Sherida Hinckson has a knack for numbers. It was encouraged by her parents — especially her father, who used to write out math problems on pieces of scrap paper while he was at work and bring them home for her to solve. Unsurprisingly, she excelled in the subject, and when it came time to pick a major as a high school senior, she chose accounting “on a whim” because it meant she could work with numbers for a living.
Four years later, that whim has sharpened into a vision. Now a senior accounting and information systems major, Hinckson boasts a resume full of internships, runs the TCNJ chapter of the National Association of Black Accountants, and has a job lined up at Ernst and Young after she graduates this spring. She credits faculty and staff mentors for helping her find her path and for inspiring her to inspire others — as she puts, paraphrasing the NABA motto, “to lift as I climb.”
It was assistant professor Maria Domingo who made a daunting entry-level accounting course something Hinckson looked forward to, “even though I struggled in the class. She’s so engaging, she makes you think you’re having fun.” It was Debra Kelly, until last fall the director of the campus Career Center, who reviewed Hinckson’s resume just a few months into her freshman year and encouraged her to jumpstart the dormant NABA chapter. And it was Bea Chiang, accounting department chair and former NABA adviser, who Hinckson calls “amazing, and so encouraging, always asking, ‘How can I help?’”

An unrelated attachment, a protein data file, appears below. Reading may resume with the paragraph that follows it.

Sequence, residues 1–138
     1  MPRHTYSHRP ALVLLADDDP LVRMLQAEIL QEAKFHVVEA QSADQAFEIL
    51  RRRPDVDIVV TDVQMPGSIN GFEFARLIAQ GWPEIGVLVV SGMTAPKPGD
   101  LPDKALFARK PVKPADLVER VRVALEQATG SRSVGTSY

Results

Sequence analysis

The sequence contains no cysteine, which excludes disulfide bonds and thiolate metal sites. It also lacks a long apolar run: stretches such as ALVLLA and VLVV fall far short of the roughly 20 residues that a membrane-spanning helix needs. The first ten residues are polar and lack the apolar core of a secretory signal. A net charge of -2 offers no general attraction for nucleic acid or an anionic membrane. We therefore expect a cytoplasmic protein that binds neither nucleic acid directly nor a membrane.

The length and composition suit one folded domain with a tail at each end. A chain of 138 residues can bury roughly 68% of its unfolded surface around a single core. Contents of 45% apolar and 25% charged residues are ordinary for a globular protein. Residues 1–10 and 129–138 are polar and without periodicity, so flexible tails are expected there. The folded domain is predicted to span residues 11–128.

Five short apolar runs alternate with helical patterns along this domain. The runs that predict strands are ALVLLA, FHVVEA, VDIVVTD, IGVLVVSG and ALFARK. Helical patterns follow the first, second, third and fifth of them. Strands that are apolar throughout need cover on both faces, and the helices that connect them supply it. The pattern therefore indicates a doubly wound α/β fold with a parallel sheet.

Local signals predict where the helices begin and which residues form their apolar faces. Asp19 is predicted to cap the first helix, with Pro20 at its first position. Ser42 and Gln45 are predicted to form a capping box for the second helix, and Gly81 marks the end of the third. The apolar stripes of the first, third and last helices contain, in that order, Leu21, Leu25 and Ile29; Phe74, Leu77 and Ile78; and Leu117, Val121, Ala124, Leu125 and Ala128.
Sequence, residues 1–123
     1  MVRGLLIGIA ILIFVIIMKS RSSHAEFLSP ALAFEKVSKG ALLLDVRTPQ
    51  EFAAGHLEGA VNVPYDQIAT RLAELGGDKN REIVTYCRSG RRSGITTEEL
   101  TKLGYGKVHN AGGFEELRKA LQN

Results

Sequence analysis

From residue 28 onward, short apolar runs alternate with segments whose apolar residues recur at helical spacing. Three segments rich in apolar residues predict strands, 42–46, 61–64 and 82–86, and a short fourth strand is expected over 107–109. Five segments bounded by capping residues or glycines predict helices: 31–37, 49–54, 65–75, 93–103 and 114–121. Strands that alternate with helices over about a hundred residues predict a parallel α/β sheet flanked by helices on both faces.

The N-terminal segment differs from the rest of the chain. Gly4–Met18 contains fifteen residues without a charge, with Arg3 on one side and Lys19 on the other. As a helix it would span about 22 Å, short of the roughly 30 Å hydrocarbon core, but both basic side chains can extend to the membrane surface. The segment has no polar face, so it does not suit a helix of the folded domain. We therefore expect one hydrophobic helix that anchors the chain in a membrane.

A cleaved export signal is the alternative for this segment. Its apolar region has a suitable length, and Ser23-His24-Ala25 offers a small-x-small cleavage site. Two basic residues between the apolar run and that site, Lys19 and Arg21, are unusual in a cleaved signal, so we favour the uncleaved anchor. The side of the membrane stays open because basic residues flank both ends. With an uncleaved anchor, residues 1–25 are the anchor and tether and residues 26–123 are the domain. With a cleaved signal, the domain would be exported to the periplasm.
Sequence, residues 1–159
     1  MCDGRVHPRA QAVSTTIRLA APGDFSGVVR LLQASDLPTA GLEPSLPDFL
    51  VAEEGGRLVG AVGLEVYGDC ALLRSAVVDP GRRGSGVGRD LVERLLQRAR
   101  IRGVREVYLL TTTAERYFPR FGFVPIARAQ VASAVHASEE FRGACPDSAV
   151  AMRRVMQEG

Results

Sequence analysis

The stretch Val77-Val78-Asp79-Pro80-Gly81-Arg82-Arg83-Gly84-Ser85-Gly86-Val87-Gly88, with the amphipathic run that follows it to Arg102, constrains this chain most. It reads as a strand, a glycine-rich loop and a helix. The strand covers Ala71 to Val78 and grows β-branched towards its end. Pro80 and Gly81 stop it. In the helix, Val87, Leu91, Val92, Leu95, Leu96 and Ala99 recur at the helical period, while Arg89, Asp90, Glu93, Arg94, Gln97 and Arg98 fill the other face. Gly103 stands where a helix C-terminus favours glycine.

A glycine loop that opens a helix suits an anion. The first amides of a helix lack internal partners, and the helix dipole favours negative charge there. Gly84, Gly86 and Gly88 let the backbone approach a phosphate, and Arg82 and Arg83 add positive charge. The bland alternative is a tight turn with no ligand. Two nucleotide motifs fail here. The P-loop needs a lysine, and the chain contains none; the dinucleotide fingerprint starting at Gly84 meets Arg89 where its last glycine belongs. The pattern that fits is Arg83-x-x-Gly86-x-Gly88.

Now, it’s Hinckson herself who’s eagerly paying that mentorship forward. This spring, Hinckson organized a NABA-sponsored “financial literacy celebration” on campus, open to students regardless of major, to highlight the importance of saving and the benefits and risks of credit. She’s also bringing that outreach to K-12 schools in Trenton, where she’s developed a program to use pop-music lyrics as a way to connect with kids on financial issues.
In May, she’ll graduate and head to a position at Ernst and Young, with whom she’s already interned in New Jersey, New York, and Colombia. She’ll leave campus knowing she’s prepared to make an impact.
“A lot of students from my high school didn’t go to college,” she says. “I’m really lucky to have gone here.”
— Ryan Jones